Just a band. With a choir. And horns.

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 When I caught up with Parachute’s frontman and songwriter Will Anderson last year, he had just moved from Charlottesville to Nashville, and his band had wrapped up sessions in Los Angeles with the producer John Fields, known for his work with pop artists like the Goo Goo Dolls and Colbie Caillat. Anderson said then that he wanted the band’s new album, The Way It Was, which debuted in the 19th slot on the Billboard 200 last week, to sound like five guys playing together in a room—just a band, playing its songs.

Parachute’s tour in support of new album The Way It Was brings the group to the Jefferson Theater on June 4.

“I think we matched that,” says Anderson over the phone from his new home, Tennessee. “We were adamant about that with John, and he was totally into it. We made an album that sounds big and obviously well-recorded and well-produced. But it can be recreated live, which, for us, is a really important thing.”

The album’s lead single, “Something to Believe In,” is a spirited entry into The Way it Was. As the full-length record goes the way of the 8-track, with The Way It Was the band has hedged its bets on short and sweet. At a brief nine tracks and 40 minutes, it is custom-tailored to a market that prizes the single more than the album. Billboard reported in 2009 that the band’s first release, Losing Sleep, made its charts based on the strength of iTunes sales; for The Way It Was, says Anderson, “We had very specific goals in mind, but, honestly, [the new album] surpassed them. We were really, really excited about the numbers for the week and the response from the fans, and seeing the feedback was amazing.”

It makes you wonder when Parachute will outgrow the Jefferson Theater —where the group plays on June 4 with Schuyler Fisk and Harper Blynn—for the larger nTelos Wireless Pavilion. “Right now, we’re happy to sell out the Jefferson,” says Anderson. “It’s fun to see it sell out every time, and I’m sure within the next year we’ll move up to the Pavilion and really go for it, and really try to blow it out.”

Meanwhile, Anderson’s central task as a songwriter remains a relentless search for creative ways to apply “love” to “her”—sometimes expressed as “you.” The Way It Was fills in the blanks in some interesting ways. The album’s second single, “You and Me,” tells the story of a pair of outlaws up “against the world” and a vague attempt to “take the money and run.” The hints of violence are so out of step with the band’s middle-of-the-road sound and squeaky-clean image as to sound almost farcical. (“We did our crime and got away / stole the gold and made the day,” he sings.)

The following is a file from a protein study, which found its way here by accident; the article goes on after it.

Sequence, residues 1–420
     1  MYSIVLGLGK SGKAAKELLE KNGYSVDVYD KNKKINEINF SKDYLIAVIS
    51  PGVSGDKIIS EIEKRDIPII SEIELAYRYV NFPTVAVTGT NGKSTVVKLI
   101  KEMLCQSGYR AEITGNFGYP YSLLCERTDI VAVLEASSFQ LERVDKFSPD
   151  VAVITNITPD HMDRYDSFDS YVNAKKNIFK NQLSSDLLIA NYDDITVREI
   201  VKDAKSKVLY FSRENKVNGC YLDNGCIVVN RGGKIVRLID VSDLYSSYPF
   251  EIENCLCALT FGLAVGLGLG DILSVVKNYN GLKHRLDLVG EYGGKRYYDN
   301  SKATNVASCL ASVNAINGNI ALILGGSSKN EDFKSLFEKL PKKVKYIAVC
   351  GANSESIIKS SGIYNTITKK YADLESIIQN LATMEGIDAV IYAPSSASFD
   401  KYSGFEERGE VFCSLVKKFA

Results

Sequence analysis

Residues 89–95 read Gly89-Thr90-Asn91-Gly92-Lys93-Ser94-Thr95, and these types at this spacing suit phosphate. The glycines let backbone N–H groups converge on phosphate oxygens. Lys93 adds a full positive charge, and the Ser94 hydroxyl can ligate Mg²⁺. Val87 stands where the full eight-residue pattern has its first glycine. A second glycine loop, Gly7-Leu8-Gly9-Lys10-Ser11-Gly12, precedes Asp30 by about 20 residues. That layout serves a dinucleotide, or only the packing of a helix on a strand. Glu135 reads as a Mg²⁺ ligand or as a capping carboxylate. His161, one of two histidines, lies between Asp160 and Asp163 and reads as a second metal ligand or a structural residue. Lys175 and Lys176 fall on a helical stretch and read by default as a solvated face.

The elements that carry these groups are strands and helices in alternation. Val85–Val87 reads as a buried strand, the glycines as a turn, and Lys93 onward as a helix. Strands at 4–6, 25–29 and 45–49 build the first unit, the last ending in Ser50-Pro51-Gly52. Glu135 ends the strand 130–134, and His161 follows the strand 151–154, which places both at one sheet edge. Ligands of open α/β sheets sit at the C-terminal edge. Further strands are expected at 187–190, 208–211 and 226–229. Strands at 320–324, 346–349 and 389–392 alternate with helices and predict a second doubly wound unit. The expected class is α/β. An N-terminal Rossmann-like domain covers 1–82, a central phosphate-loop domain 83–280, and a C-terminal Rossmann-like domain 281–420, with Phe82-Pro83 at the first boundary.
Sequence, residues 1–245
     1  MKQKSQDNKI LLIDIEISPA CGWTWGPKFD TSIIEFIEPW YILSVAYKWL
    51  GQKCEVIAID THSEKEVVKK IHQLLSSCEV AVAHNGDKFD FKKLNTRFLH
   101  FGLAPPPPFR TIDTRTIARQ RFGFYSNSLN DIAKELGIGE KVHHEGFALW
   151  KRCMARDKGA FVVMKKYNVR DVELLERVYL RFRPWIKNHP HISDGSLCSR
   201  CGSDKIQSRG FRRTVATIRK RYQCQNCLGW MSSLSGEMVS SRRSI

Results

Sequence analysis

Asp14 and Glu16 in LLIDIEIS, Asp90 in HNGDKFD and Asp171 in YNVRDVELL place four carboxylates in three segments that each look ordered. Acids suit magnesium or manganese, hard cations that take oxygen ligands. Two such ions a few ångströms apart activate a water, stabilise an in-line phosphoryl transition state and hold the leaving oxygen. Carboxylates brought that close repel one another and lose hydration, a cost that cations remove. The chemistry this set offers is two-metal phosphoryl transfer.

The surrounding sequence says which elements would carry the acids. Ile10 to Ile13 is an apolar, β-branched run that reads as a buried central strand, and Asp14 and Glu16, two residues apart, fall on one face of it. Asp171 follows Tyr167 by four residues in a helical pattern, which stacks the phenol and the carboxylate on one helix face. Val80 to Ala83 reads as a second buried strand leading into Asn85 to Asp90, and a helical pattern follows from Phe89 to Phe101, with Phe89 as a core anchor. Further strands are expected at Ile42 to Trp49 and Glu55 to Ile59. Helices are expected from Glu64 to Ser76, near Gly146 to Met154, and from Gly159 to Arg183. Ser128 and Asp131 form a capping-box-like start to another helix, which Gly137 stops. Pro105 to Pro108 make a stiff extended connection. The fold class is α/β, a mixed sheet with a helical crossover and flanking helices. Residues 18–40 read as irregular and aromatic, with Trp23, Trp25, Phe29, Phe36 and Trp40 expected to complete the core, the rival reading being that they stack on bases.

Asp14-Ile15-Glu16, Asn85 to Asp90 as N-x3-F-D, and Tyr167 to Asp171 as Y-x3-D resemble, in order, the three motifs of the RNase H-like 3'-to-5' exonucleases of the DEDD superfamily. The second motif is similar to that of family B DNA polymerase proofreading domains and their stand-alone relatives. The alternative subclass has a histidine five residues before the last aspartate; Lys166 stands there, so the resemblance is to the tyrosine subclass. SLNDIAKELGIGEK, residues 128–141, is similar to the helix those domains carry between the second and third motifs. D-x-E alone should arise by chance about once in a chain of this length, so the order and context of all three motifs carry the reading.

But adult contemporary doesn’t make any pretensions toward poetry, and more convincing than the band’s lyrical content is its knack for rich and rousing arrangements. The album’s first track “White Dress” opens with a barrage of percussive guitars that will remind listeners of the band’s more Maroon 5-indebted first album that explodes into a sugar-coated chorus. But on the new record the band’s bag of tricks has grown. Alex Hargrave’s hyperactive basslines recall Coldplay, while the soaring vocal arrangements channeled through Peter Gabriel, aided by drummer Johnny Stubblefield’s able imitations of U2’s Larry Mullen, achieve a driving pop transcendence—granted, with the occasional help of a gospel choir.

But parts of The Way It Was will strike local listeners for how much it draws on Charlottesville’s other very famous export, the Dave Matthews Band. You might mistake Kit French’s percussive baritone saxophone stabs on lead single “Something to Believe In” for those of the late LeRoi Moore, Matthews’ horn player. Ditto for the gospel choir, which riffs on latter-day Dave and is a surprising and welcome addition.

“It’s nine really good songs that I’m proud of,” says Anderson. “I’d show anybody to show them that this is what we can do.”

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